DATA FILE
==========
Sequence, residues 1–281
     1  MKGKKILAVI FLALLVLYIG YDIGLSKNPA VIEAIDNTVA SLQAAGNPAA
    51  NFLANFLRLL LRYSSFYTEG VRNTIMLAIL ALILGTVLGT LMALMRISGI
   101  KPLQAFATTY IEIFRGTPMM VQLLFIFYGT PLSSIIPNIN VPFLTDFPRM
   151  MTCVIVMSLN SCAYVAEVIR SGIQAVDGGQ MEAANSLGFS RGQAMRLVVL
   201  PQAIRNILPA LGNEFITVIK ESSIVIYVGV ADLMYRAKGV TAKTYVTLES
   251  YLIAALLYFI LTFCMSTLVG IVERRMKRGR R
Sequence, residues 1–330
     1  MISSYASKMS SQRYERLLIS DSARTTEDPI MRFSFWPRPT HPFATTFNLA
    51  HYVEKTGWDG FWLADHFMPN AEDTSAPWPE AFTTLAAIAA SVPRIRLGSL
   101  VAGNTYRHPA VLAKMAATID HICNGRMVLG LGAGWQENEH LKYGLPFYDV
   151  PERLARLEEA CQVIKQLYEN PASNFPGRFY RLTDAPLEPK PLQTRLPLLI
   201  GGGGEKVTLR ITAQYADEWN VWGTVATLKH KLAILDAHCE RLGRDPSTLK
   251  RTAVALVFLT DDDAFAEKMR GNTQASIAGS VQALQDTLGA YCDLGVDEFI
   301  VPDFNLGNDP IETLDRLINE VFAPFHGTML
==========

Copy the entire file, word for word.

Sequence, residues 1–281
     1  MKGKKILAVI FLALLVLYIG YDIGLSKNPA VIEAIDNTVA SLQAAGNPAA
    51  NFLANFLRLL LRYSSFYTEG VRNTIMLAIL ALILGTVLGT LMALMRISGI
   101  KPLQAFATTY IEIFRGTPMM VQLLFIFYGT PLSSIIPNIN VPFLTDFPRM
   151  MTCVIVMSLN SCAYVAEVIR SGIQAVDGGQ MEAANSLGFS RGQAMRLVVL
   201  PQAIRNILPA LGNEFITVIK ESSIVIYVGV ADLMYRAKGV TAKTYVTLES
   251  YLIAALLYFI LTFCMSTLVG IVERRMKRGR R
Sequence, residues 1–330
     1  MISSYASKMS SQRYERLLIS DSARTTEDPI MRFSFWPRPT HPFATTFNLA
    51  HYVEKTGWDG FWLADHFMPN AEDTSAPWPE AFTTLAAIAA SVPRIRLGSL
   101  VAGNTYRHPA VLAKMAATID HICNGRMVLG LGAGWQENEH LKYGLPFYDV
   151  PERLARLEEA CQVIKQLYEN PASNFPGRFY RLTDAPLEPK PLQTRLPLLI
   201  GGGGEKVTLR ITAQYADEWN VWGTVATLKH KLAILDAHCE RLGRDPSTLK
   251  RTAVALVFLT DDDAFAEKMR GNTQASIAGS VQALQDTLGA YCDLGVDEFI
   301  VPDFNLGNDP IETLDRLINE VFAPFHGTML